Wintry Poems to Warm the Heart

Feb 13, 2023 | Posted by Jennifer

Winter. For many the word evokes thoughts of snow-crusted windows; snapping, crackling fires; blankets and quilts piled thickly on the bed; and bare tree branches glistening with sparkling ice. It’s a time of retreat: the cold wind nips noses and encourages people to stay a little closer to hearth and home. During the quiet of winter, it is warming to read poetry about the season, especially if you read it near the fireplace! This blog post presents a few wintry gems for your enjoyment. Share them with your students and family as well. To increase your students’ understanding and appreciation for the poetry, read through the commentary about each poem to facilitate discussion with your students.

Dust of Snow

by Robert Frost


The way a crow

Shook down on me

The dust of snow

From a hemlock tree


Has given my heart

A change of mood

And saved some part

Of a day I had rued.


What is a hemlock tree? You can find a photo of a hemlock tree along with some information about the species at this link. If you live in an area that has hemlocks, consider going on a nature hike to spot one. What does the word rue mean? In the final line of the poem, the word is functioning as a verb. It means to have a deep sense of regret over something. What do you think the speaker might have rued prior to receiving the dust of snow? Why might that experience have changed his perspective? How does the word affect the overall tone of the verse? Another question you could ask is when and where did Robert Frost live? Read a little about the poet and investigate other famous poems of his.

Places [III. Winter Sun]

by Sara Teasdale




There was a bush with scarlet berries,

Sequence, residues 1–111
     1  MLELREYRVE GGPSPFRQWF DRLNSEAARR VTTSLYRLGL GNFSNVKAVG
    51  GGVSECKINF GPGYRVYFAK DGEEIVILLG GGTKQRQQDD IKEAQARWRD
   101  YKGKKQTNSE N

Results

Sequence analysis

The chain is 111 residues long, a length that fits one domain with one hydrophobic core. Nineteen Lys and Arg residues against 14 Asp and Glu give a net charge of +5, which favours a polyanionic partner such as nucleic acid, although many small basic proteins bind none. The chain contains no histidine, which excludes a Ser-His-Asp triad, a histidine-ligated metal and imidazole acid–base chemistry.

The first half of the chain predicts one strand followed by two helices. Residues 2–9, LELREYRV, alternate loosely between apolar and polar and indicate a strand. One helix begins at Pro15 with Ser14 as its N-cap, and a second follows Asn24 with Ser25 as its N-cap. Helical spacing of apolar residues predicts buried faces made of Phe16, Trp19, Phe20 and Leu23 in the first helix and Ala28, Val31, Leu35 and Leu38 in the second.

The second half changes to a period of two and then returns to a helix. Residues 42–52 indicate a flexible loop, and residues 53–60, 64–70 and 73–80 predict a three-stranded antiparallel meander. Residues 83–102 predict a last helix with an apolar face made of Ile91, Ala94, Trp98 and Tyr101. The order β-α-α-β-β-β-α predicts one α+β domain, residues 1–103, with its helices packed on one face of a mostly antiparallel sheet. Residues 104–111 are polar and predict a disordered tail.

And there were hemlocks heaped with snow.

With a sound like surf on long sea-beaches

They took the wind and let it go.


The hills were shining in their samite,

Fold after fold they flowed away;

“Let come what may,” your eyes were saying,

“At least we two have had to-day.”


This brief poem carries plenty of imagery presented through various senses: sight (“scarlet berries”), touch (“hemlocks heaped with snow”), and sound (“surf on long sea-beaches”). The poet also packs a punch by including literary devices such as personification, alliteration, and simile. Some tricky words that may need defining include scarlet, which is a brilliant red color, and samite, which describes a heavy silk fabric that is woven with silver or gold. If you read the previous poem, “Dust of Snow,” you can compare the references to hemlocks in both of the poems. How are the trees presented in each piece?

The final piece in today’s post also mentions trees.

Winter Trees

by William Carlos Williams


All the complicated details

of the attiring and

the disattiring are completed!

A liquid moon

moves gently among

the long branches.

Thus having prepared their buds

against a sure winter

the wise trees

stand sleeping in the cold.


Discussion points might include determining what the “complicated details / of the attiring and / the disattiring” might be. Can your students spot the base in each of these words? What does attire mean? When the prefix dis- is added, how does it change the meaning? Imagine what a “liquid moon” might look like. How does the adverb gently help the reader understand the tone? There’s a little bit of personification going on. What would be a “sure winter”? How can the trees be wise?

A poem is like a bonbon. It isn’t meant to be gulped down. Savor it. Take your time reading the lines out loud and notice how the words flow off your tongue. Bonus points if you do it while wrapped up in a cozy afghan in front of a cheery fireplace on a cold wintry day. Despite the temperature outside, we hope your hearts will be warm inside.


Jennifer Mauser has always loved reading and writing and received a B.A. in English from the University of Kansas in 1991. Once she and her husband had children, they decided to homeschool, and she put all her training to use in the home. In addition to homeschooling her children, Jennifer teaches IEW classes out of her home, coaches budding writers via email, and tutors students who struggle with dyslexia.

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